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An excerpt from www.HouseOfNames.com archives copyright 2000 - 2017


Many variations of the name McRannell have evolved since the time of its initial creation. In Gaelic it appeared as Mac Raghnaill, which means son of Raghnal. Raghnal is a personal name equivalent to Randal or Reginald.

McRannell Early Origins



The surname McRannell was first found in Connacht (Irish: Connachta, (land of the) descendants of Conn), where they held a family seat from ancient times.

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McRannell Spelling Variations


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McRannell Spelling Variations



Those scribes in Ireland during the Middle Ages recorded names as they sounded. Consequently, in this era many people were recorded under different spellings each time their name was written down. Research on the McRannell family name revealed numerous spelling variations, including McRannell, McReynolds, Reynolds, Grannell, Magranill, MacGrannell, MacRaghnald, MacRanel, McRanel, MacRannal, MacRannel, MacRanell, MacRanall and many more.

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McRannell Early History


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McRannell Early History



This web page shows only a small excerpt of our McRannell research. Another 205 words (15 lines of text) covering the years 1625, 1657, 1717 and 1725 are included under the topic Early McRannell History in all our PDF Extended History products and printed products wherever possible.

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McRannell Early Notables (pre 1700)


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McRannell Early Notables (pre 1700)



Another 44 words (3 lines of text) are included under the topic Early McRannell Notables in all our PDF Extended History products and printed products wherever possible.

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The Great Migration


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The Great Migration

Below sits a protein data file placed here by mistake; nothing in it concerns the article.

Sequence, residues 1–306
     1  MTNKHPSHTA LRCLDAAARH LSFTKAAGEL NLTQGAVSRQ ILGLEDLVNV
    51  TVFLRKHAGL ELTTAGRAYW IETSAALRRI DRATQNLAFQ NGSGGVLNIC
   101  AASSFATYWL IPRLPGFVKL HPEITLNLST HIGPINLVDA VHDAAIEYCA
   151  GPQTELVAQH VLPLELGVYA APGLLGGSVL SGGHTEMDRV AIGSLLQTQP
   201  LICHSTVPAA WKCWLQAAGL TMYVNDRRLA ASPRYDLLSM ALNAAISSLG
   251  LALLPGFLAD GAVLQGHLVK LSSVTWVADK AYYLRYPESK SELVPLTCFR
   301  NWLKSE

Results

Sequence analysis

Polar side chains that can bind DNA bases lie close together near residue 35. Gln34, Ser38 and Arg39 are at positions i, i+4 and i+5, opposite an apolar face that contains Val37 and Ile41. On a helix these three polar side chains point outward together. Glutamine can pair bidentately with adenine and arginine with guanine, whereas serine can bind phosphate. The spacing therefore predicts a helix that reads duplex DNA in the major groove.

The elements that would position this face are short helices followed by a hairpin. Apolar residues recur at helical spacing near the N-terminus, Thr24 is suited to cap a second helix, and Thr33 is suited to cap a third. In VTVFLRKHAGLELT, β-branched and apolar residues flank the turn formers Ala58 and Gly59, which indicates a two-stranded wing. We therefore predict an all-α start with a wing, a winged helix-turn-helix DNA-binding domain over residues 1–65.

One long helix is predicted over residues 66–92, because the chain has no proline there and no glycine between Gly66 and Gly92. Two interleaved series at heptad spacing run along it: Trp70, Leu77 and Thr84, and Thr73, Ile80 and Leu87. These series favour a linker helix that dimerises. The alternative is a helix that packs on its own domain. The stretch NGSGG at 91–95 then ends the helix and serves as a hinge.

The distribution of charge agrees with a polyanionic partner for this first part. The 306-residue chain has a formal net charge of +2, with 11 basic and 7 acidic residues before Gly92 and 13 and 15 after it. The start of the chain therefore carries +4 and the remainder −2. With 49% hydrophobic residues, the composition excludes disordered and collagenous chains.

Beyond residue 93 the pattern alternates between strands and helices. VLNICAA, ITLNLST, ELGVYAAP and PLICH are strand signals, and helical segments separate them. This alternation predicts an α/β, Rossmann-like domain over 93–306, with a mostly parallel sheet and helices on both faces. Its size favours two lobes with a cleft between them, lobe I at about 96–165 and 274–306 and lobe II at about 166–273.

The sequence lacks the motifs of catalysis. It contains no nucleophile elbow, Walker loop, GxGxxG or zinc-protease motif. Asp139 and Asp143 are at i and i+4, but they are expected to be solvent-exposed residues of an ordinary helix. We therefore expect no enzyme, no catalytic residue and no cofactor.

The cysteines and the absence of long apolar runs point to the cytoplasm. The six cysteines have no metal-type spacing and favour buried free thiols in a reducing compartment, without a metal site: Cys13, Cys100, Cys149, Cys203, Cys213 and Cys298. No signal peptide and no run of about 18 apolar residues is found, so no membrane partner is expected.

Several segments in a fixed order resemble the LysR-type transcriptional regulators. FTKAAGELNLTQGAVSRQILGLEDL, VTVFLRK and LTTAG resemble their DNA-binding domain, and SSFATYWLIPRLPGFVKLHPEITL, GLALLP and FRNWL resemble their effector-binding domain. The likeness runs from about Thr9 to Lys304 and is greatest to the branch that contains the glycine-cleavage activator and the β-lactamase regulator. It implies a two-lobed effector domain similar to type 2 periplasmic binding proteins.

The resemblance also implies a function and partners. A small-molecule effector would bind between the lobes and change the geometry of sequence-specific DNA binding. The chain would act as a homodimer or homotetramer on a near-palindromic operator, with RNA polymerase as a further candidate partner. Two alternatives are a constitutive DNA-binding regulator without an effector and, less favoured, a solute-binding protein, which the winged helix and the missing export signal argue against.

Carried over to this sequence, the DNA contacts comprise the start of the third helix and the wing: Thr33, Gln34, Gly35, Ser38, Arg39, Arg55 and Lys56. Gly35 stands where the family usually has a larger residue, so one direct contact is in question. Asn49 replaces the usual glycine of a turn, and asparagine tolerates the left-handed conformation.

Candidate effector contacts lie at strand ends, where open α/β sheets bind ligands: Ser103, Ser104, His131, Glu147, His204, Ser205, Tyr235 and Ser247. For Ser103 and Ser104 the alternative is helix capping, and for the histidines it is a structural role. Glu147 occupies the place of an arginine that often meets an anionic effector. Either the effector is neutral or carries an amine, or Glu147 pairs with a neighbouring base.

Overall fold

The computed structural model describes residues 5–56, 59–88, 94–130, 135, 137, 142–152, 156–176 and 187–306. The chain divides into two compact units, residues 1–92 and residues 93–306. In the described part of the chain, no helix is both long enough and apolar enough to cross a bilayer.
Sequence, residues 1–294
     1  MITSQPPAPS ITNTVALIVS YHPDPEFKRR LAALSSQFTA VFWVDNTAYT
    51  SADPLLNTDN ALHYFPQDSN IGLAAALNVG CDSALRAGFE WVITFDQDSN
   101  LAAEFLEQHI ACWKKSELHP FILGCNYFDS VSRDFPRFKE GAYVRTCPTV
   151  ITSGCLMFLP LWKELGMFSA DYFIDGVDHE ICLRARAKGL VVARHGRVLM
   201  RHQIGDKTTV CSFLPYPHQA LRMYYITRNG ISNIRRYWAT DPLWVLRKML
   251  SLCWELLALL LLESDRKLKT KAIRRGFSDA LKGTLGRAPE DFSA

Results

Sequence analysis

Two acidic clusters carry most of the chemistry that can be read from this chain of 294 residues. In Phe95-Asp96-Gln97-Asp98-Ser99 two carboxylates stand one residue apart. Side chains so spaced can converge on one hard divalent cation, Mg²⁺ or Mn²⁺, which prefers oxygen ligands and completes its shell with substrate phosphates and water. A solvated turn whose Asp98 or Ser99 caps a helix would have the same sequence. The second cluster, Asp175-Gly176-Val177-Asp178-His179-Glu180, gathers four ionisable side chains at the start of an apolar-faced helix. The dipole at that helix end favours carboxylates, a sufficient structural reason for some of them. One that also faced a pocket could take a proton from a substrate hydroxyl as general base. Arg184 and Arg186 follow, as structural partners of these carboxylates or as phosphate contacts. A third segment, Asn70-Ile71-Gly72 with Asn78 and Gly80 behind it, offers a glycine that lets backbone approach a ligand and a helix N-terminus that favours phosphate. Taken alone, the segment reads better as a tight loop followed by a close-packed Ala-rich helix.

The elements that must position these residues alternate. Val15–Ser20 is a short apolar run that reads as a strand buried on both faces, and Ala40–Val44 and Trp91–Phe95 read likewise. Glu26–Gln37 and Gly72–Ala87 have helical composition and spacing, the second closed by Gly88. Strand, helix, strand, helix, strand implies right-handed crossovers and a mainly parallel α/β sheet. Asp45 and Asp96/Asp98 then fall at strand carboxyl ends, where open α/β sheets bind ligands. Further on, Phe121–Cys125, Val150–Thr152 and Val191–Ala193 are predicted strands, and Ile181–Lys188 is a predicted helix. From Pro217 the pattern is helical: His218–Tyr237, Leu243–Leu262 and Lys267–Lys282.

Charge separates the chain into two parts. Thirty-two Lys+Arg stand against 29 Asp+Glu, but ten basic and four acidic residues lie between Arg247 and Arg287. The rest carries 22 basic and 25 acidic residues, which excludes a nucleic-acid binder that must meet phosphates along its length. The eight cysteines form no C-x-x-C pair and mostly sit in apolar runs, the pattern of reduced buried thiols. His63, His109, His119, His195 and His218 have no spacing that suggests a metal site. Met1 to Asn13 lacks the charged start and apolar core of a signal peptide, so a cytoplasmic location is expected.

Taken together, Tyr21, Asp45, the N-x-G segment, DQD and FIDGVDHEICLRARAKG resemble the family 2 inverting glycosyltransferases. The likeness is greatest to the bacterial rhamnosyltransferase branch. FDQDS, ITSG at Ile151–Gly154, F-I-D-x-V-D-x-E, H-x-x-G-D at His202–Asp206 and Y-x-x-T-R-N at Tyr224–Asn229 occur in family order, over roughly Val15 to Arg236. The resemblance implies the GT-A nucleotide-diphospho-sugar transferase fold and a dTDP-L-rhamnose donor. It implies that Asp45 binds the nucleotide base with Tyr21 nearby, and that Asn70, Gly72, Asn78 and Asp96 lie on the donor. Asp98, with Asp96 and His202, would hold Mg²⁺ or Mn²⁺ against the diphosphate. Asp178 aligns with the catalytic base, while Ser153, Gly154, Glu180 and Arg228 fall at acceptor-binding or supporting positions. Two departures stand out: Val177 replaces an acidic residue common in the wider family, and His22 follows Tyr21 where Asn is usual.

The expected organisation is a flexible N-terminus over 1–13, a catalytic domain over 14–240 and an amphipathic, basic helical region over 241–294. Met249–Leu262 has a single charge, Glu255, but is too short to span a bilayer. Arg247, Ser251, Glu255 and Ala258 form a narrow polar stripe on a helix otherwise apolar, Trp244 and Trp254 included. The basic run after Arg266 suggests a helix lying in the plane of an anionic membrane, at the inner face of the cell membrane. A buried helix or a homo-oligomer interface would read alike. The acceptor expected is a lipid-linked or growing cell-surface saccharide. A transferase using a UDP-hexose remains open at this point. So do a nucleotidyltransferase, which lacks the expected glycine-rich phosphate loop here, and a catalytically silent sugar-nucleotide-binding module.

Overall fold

During the 19th century thousands of impoverished Irish families made the long journey to British North America and the United States. These people were leaving a land that had become beset with poverty, lack of opportunity, and hunger. In North America, they hoped to find land, work, and political and religious freedoms. Although the majority of the immigrants that survived the long sea passage did make these discoveries, it was not without much perseverance and hard work: by the mid-19th century land suitable for agriculture was short supply, especially in British North America, in the east; the work available was generally low paying and physically taxing construction or factory work; and the English stereotypes concerning the Irish, although less frequent and vehement, were, nevertheless, present in the land of freedom, liberty, and equality for all men. The largest influx of Irish settlers occurred with Great Potato Famine during the late 1840s. Research into passenger and immigration lists has brought forth evidence of the early members of the McRannell family in North America: Christopher Reynolds, who came to Virginia in 1622; Nathaniel Reynold, who settled in Salem in 1630; Robert Reynolds, who settled in Salem in 1630 with his wife Mary and his four children.

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McRannell Family Crest Products


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McRannell Family Crest Products




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See Also


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See Also




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Citations


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Citations



    Other References

    1. Woulfe, Rev. Patrick. Irish Names and Surnames Collected and Edited with Explanatory and Historical Notes. Kansas City: Genealogical Foundation, 1992. Print. (ISBN 0-940134-403).
    2. Grehan, Ida. Dictionary of Irish Family Names. Boulder: Roberts Rinehart, 1997. Print. (ISBN 1-57098-137-X).
    3. Kennedy, Patrick. Kennedy's Book of Arms. Canterbury: Achievements, 1967. Print.
    4. Filby, P. William and Mary K Meyer. Passenger and Immigration Lists Index in Four Volumes. Detroit: Gale Research, 1985. Print. (ISBN 0-8103-1795-8).
    5. Leyburn, James Graham. The Scotch-Irish A Social History. Chapel Hill: UNC Press, 1962. Print. (ISBN 0807842591).
    6. MacLysaght, Edward. Mores Irish Familes. Dublin: Irish Academic, 1982. Print. (ISBN 0-7165-0126-0).
    7. Bowman, George Ernest. The Mayflower Reader A Selection of Articales from The Mayflower Descendent. Baltimore: Genealogical Publishing. Print.
    8. Weis, Frederick Lewis, Walter Lee Sheppard and David Faris. Ancestral Roots of Sixty Colonists Who Came to New England Between 1623 and 1650 7th Edition. Baltimore: Genealogical Publishing, 1992. Print. (ISBN 0806313676).
    9. Woodham-Smith, Cecil. The Great Hunger Ireland 1845-1849. New York: Old Town Books, 1962. Print. (ISBN 0-88029-385-3).
    10. Chadwick, Nora Kershaw and J.X.W.P Corcoran. The Celts. London: Penguin, 1970. Print. (ISBN 0140212116).
    11. ...

    The McRannell Family Crest was acquired from the Houseofnames.com archives. The McRannell Family Crest was drawn according to heraldic standards based on published blazons. We generally include the oldest published family crest once associated with each surname.

    This page was last modified on 3 June 2016 at 08:55.

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